This week, my daughter called me with an urgent request. “Take a look at this photo. What are your thoughts?” The left eye of my grandson, Andros, had turned sharply and suddenly veered inward, it was wobbling, and he was seeing double. She made an appointment to see the eye doctor and as he sat in front of the provider that same afternoon, he was told that he would need some eyedrops. The optometrist explained that just like when you get something spicy on your tongue, his eye would feel that way for just a minute but it would be ok. Now, Andros does NOT like spicy food. If it has a drop of pepper on it, he can taste it. And as the gentleman placed the drops into his
tightly squeezed, terrified, waiting eyes, that sweet boy started crying and yelling, “MY SPICY EYES! MY SPICY EYES!” It’s a story we’re laughing about now days later.
I began to think of Saul as he lost his sight on the road to Damascus and reached for his story in my bible. He was a man who took great pleasure in persecuting Christians. He didn’t do it because he was a sociopath. He did it because he was a Jewish scholar who genuinely believed that what the Christians were saying was blasphemy to God. He felt he was expelling a problem. He was even present at the first martyr, Stephen’s, death. Then we see in Acts 9 him on the road to Damascus because he had found out about people there who were teaching about Jesus as the Son of God.
“Now as he was traveling, it happened that he was approaching Damascus, and suddenly a light from heaven flashed around him; and he fell to the ground and heard a voice saying to him, “Saul, Saul, why are you persecuting Me?” And he said, “Who are You, Lord?” And He said, “I am Jesus whom you are persecuting, but get up and enter the city, and it will be told to you what you must do.” The men who traveled with him stood speechless, hearing the voice but seeing no one. Saul got up from the ground, and though his eyes were open, he could see nothing; and leading him by the hand, they brought him into Damascus. And for three days he was without sight, and neither ate nor drank.” –Acts 9:3-9
He was literally blinded by the light of Jesus! What a way to get his attention, right?! I wonder what he must have been feeling. There is nothing mentioned in the verses following about anyone witnessing to him. I’m not sure if there was. My personal belief is that he sat in his own darkness and fasted, recognizing the weight of what had just happened.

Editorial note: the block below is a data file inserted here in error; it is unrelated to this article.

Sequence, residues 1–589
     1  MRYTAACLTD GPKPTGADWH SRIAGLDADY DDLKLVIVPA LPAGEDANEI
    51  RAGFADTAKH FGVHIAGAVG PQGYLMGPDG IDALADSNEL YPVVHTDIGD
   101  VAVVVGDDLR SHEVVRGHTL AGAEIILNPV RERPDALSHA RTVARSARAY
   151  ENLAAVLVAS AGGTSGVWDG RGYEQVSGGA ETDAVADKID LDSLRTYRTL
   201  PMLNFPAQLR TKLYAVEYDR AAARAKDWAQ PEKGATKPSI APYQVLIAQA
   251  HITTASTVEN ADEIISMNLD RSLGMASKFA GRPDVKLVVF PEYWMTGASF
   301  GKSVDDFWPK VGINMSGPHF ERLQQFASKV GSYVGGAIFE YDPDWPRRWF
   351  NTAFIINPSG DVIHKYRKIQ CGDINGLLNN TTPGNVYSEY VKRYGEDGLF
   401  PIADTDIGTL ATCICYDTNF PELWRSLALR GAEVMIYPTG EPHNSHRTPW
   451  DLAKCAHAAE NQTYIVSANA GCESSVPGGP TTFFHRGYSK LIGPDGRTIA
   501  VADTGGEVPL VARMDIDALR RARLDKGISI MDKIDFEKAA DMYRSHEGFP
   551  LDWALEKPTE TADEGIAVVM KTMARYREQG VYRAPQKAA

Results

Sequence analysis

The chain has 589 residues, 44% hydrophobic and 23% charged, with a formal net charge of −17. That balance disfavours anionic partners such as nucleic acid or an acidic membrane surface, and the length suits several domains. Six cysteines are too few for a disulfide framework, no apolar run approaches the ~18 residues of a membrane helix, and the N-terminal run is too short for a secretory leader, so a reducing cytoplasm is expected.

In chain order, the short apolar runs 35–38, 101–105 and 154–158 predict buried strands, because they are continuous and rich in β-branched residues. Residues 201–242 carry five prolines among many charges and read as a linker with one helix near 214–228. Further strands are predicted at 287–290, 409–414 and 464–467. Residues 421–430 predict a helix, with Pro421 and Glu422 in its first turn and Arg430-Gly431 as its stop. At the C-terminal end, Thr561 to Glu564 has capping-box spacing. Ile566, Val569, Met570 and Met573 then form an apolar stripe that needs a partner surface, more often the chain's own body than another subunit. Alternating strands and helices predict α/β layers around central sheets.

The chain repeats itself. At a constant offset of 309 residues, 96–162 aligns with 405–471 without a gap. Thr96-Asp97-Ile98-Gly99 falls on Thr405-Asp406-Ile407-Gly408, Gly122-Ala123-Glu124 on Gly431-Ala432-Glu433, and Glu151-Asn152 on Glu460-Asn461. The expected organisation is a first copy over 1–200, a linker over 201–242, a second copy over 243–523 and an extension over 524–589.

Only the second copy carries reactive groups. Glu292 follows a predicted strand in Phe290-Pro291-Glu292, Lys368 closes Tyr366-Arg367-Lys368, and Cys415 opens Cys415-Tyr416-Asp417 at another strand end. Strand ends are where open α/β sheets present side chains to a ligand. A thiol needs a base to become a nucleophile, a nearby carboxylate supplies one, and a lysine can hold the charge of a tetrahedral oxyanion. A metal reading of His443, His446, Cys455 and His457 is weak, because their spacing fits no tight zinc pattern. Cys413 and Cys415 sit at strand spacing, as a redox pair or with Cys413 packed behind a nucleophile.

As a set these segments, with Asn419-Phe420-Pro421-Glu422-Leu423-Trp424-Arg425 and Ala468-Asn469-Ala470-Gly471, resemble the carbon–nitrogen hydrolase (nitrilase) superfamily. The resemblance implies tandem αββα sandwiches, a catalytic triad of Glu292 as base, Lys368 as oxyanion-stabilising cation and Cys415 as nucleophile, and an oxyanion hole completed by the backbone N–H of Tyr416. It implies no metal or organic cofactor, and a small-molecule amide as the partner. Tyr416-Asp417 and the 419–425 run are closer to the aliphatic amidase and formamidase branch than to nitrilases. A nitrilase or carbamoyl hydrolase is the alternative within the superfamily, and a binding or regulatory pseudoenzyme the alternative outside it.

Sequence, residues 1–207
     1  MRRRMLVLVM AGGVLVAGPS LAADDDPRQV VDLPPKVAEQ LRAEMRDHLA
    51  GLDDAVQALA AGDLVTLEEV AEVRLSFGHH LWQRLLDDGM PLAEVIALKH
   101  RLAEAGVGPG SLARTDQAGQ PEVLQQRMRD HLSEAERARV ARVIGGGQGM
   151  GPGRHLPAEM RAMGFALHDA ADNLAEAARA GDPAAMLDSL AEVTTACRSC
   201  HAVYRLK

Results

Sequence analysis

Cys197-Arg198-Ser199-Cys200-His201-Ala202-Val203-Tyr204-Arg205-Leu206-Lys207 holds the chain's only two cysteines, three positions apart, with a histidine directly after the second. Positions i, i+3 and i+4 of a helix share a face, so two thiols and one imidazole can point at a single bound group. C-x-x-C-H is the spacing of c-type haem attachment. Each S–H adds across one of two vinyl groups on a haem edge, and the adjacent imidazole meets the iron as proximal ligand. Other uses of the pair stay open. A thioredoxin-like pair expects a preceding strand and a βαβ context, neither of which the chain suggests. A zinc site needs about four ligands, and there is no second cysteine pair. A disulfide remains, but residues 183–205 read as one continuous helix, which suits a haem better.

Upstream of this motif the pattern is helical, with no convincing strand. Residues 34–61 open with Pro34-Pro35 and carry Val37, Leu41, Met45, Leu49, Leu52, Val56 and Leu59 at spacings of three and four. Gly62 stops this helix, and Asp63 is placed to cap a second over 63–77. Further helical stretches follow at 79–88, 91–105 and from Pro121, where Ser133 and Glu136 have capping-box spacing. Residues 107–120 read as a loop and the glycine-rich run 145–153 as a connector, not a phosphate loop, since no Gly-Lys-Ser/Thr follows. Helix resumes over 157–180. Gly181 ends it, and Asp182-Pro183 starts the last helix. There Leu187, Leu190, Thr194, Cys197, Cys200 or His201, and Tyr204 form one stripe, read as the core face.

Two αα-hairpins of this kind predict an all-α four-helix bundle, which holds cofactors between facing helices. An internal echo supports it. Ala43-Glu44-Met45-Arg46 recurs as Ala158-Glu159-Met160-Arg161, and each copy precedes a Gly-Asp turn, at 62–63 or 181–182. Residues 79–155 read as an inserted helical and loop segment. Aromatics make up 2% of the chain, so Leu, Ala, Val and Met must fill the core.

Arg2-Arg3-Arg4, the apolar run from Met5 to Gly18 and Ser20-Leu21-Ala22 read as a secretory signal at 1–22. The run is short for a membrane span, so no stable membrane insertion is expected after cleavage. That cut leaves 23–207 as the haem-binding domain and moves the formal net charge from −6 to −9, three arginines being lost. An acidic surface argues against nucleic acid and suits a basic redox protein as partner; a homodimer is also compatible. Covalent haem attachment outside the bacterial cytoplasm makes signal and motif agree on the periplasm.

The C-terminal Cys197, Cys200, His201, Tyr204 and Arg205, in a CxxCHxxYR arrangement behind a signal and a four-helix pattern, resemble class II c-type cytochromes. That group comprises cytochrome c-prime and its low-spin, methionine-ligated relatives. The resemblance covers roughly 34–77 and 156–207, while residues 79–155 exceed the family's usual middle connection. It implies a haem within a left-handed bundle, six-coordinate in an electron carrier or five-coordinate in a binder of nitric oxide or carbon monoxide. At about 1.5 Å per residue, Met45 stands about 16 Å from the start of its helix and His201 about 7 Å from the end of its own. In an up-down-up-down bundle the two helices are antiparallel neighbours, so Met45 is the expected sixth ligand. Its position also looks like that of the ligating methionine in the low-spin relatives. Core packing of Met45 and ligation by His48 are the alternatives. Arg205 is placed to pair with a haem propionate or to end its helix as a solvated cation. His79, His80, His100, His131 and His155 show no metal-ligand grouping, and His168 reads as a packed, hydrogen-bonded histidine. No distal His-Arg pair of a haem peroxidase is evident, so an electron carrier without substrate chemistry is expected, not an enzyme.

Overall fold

An encounter with Jesus is nothing small. Here was a man who felt confident his persecution of the Christians was acceptable. And in one brief moment, everything he believed was turned on its head as Jesus revealed EXACTLY who he was.
And lest we think that’s the only ‘WOW’ moment in that interaction, how about what Jesus told him to do! He told him to go to the city and it would be told to him what to do. Jesus didn’t give him the 3-year plan. He didn’t tell him he was going to become one of the greatest missionaries of all time. He wasn’t privy to knowledge that He would eventually be given direct revelation by God! He was told to go and he would be told to what to do.
How many of us are willing to just take that first directive and then sit and wait? I’m afraid disobedience would kick in for me. I’d be calling my friends, asking my mom to come to me. I’d be asking Emily to do some research. I’d be thinking of every scenario of what “will be told to do” implies. That, friends, is where we trip ourselves up.
Sometimes, the wait is part of the answer. There are times where God wants us to have a period of waiting until He’s ready to give us the next step in our walk, and we screw it up by thinking we know the next step. How easy it seems to just sit and wait for God, and how hard we make it by trying to navigate it ourselves.
The rest of the story for Paul is beautiful. He waits. God sends Ananias to him and tells him what to do. And literal scales fall from his eyes. Paul not only regains his earthly sight, but he’s given his spiritual sight! He goes on to lead thousands to the Lord and dare I say millions with how his words h shown people even today how to fully surrender to our Savior.
Iron Porch, I pray that as we encounter Jesus through Bible study, reading the scripture, and learning of God’s love, that each encounter is one that shows us who He is. I also pray that we learn to wait on the Lord, that we be patient in the space between, and that we trust God to fill in the blank.